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SERDEC demands justice, empowerment for FCT indigenes



A civil society organisation, the Socio-Economic Research and Development Centre, SERDEC, Tuesday, called on the federal government, agencies and international bodies to put an end to what it called the marginalization and economic injustice being perpetrated against the Original Inhabitants, OIs, in the Federal Capital Territory, FCT.


The group made the call at the launch of the project, “Promoting the rights of the Original Inhabitants in the Federal Capital Territory,” in Abuja.

The project, supported by the MacArthur Foundation through the Resource Centre for Human Rights Education, CHRICED, has a two-year timeline under the Equitable Recovery Grant to work for ethnic injustice as it concerns the marginalized indigenes of the FCT.

Addressing newsmen at the event, Executive Director, SERDEC, Mr Tijani Abdulkareem, said the project “will enhance equitable access to employment and empowerment programme information to all sections of OIs unemployed young women and men in order to support their enrolment into government programmes.”


At the end of the project cycle in 2023, Abdulkareem said a good number of unemployed youths and women spread across the six Area Councils of the FCT “will benefit from the equitable process of empowerment and employment programmes that are being implemented by government agencies.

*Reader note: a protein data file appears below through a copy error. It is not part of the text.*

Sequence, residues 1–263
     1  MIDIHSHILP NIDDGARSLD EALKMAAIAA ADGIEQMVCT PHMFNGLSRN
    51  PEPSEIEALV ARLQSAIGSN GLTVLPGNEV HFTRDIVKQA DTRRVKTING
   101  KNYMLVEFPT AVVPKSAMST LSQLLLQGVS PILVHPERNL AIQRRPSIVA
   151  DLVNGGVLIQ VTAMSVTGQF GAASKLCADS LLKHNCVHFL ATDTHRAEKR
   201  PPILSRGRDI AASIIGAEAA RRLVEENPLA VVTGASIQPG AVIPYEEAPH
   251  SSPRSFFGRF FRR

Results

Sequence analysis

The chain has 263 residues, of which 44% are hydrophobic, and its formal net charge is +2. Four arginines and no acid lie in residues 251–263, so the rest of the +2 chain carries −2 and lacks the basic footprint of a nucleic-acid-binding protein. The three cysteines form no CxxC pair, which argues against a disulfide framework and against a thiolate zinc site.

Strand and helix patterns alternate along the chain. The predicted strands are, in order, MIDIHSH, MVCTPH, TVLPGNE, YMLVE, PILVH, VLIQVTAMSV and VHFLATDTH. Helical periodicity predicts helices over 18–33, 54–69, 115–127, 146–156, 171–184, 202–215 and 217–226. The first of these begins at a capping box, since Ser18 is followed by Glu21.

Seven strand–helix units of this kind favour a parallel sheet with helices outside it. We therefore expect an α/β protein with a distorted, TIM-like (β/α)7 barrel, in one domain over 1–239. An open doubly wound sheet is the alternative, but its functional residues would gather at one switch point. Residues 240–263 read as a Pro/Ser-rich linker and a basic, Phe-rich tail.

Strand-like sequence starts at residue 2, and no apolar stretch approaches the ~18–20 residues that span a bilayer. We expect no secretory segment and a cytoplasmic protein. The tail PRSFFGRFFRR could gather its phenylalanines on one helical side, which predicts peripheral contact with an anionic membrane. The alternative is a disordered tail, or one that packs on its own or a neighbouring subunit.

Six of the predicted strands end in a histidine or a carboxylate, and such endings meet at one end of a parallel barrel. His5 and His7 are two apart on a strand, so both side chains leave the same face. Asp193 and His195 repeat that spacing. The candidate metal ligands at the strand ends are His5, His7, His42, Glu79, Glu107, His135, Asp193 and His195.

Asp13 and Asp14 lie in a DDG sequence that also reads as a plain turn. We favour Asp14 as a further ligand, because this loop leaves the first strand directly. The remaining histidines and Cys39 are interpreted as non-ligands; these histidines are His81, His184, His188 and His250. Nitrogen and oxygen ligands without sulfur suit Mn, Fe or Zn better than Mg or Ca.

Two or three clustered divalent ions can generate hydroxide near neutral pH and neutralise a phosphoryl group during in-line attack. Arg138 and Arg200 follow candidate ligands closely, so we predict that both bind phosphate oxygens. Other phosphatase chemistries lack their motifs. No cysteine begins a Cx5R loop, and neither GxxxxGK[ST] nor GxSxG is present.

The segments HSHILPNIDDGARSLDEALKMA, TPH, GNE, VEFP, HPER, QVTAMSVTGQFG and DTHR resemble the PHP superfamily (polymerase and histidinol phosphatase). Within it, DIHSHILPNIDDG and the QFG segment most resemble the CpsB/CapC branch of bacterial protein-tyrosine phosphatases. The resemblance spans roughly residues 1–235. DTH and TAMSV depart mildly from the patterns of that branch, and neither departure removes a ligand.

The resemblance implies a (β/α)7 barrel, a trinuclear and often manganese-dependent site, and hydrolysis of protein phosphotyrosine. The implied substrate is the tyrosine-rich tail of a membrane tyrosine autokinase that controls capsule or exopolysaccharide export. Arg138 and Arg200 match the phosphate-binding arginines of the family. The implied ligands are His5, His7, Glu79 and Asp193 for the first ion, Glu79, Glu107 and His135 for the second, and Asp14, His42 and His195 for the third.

He bemoaned the “statelessness” of the FCT saying as a result, “the original inhabitant communities find themselves building feelings of alienation, frustration and bitterness arising from inequitable access to state opportunities.”

Also speaking, the Alkali of Rubochi community, Alhaji Yakubu Kure lamented what he called the lack of job opportunities for indigenes of FCT despite the fact that unlike in the past, they now boast of hundreds of thousands of graduates in various fields.


He dismissed the notion that OIs prefer to sell their lands to non-indigenes for-profit purposes.

According to him, “We have been deprived of our lands in the past but as peaceful people; we often relocate because we are not enemies of progress. We are traditionally farmers.

“Government should come to our aid by providing job opportunities for our children. That way, some of the agitations you see today will die naturally,” he added.


On his part, Dr. Mahmud Jibril, board chairman of SERDEC said the Gbagyi communities in Nigeria deserve a state of their own, lamenting that though they are present in large numbers in FCT, Plateau, Niger, Kaduna, Kogi and Nasarawa states, they are being treated as minorities in the allocation of government resources.




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